The data for this paper were collected as part of a larger project exploring how the medical profession conceptualizes the task of supporting physicians struggling with clinical competency issues. In this paper, the authors focus on a topic that has been absent in the literature thus far-how physicians requiring remediation are perceived by those responsible for organizing remediation and by their peers in general.
Using a constructivist grounded theory approach, the authors conducted semistructured interviews with 17 remediation stakeholders across Canada. Given that in Canada health is a provincial responsibility, the authors purposively sampled stakeholders from across provincial and language borders and across the full range of organizations that could be considered as participating in the remediation of practicing physicians.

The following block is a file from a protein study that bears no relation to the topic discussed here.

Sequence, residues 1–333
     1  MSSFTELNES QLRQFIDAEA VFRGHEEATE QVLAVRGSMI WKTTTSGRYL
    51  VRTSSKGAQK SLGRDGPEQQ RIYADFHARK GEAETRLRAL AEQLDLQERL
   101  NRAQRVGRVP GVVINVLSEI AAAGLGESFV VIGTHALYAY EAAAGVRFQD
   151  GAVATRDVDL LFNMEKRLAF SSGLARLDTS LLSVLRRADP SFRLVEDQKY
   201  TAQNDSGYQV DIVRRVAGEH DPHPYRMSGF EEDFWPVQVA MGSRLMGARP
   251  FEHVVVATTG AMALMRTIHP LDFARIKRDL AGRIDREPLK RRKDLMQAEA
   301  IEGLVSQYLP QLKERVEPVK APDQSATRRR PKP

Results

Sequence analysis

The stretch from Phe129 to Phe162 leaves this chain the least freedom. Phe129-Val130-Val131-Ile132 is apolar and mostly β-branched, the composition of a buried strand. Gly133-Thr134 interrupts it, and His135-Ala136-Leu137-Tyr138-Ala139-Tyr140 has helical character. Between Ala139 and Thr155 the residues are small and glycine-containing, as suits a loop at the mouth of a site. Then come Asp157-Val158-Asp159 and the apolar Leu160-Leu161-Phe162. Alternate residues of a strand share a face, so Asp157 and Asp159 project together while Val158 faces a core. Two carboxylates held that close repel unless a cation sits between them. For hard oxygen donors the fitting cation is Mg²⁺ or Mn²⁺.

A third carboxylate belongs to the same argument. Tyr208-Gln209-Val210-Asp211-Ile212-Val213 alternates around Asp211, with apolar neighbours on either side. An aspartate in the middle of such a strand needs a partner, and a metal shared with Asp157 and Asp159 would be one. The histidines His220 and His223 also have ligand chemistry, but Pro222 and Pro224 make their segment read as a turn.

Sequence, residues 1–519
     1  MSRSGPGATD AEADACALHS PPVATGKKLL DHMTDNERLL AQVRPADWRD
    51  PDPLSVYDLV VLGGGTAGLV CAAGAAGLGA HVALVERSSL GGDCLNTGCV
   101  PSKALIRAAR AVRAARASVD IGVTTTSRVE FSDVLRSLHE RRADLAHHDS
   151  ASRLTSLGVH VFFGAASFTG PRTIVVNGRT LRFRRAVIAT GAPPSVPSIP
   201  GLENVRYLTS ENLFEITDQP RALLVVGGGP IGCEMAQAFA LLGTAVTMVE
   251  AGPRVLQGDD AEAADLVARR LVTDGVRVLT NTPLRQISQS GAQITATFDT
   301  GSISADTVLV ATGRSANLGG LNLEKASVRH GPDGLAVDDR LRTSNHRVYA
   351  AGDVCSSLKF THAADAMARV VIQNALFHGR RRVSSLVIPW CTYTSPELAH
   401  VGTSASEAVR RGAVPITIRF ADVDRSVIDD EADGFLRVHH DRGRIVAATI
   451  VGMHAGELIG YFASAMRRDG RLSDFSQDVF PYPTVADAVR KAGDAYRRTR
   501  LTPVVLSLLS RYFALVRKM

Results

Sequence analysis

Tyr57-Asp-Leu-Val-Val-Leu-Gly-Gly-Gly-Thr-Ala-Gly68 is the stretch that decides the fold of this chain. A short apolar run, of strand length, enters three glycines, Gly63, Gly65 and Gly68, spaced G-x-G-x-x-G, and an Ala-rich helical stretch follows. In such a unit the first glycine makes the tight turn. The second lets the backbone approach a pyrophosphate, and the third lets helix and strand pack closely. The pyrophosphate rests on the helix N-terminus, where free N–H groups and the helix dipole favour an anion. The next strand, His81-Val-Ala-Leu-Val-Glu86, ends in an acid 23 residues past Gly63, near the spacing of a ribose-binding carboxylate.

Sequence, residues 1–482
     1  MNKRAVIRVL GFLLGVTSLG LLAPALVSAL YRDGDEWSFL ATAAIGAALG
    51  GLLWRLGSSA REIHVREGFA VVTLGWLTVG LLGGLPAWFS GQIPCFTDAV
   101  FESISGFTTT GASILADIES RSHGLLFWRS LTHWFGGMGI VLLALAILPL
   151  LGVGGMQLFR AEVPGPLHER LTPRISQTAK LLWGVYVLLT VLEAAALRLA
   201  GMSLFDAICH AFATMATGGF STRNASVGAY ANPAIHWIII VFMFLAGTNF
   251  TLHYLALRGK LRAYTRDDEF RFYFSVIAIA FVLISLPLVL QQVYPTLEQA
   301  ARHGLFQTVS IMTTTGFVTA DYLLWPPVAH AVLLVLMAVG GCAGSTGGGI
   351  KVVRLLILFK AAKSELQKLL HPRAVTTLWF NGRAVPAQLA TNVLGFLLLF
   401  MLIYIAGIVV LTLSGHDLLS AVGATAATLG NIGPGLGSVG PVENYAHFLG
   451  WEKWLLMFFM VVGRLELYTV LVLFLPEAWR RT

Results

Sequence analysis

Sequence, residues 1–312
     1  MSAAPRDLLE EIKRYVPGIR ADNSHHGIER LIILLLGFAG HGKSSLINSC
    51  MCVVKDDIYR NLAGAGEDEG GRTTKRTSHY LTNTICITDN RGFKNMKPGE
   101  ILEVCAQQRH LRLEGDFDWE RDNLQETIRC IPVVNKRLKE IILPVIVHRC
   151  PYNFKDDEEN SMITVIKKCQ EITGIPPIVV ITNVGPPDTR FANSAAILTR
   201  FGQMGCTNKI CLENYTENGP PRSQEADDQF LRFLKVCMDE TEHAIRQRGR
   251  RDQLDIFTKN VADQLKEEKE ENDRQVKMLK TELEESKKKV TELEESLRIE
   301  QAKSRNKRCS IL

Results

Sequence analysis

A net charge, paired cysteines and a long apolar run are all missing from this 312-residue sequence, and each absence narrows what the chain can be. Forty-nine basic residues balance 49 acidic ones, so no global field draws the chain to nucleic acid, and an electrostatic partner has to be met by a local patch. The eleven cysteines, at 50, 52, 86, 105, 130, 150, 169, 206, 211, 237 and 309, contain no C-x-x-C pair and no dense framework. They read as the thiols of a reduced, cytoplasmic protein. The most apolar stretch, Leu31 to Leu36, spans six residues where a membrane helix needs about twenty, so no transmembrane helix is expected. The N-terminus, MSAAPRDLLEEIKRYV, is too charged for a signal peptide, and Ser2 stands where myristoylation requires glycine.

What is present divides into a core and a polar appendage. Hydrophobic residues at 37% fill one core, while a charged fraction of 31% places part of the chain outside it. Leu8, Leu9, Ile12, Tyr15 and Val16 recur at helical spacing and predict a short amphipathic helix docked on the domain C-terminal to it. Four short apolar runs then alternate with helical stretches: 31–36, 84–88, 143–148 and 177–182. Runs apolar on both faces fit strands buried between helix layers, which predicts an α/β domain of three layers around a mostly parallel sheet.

Interviewees expressed mixed, sometimes contradictory, emotions toward and perceptions of physicians requiring remediation. They also noted that their colleagues, including physicians in training, were not always sympathetic to their struggling peers.
The medical profession's attitude toward those who struggle with clinical competency-as individuals and as a whole-is ambivalent at best. This ambivalence grows out of psychological and cultural factors and may be an undiscussed factor in the profession's struggle to deal adequately with underperforming members. To contend with the challenge of remediating practicing physicians, the profession needs to address this ambivalence and its underlying causes.
- BAD APPLES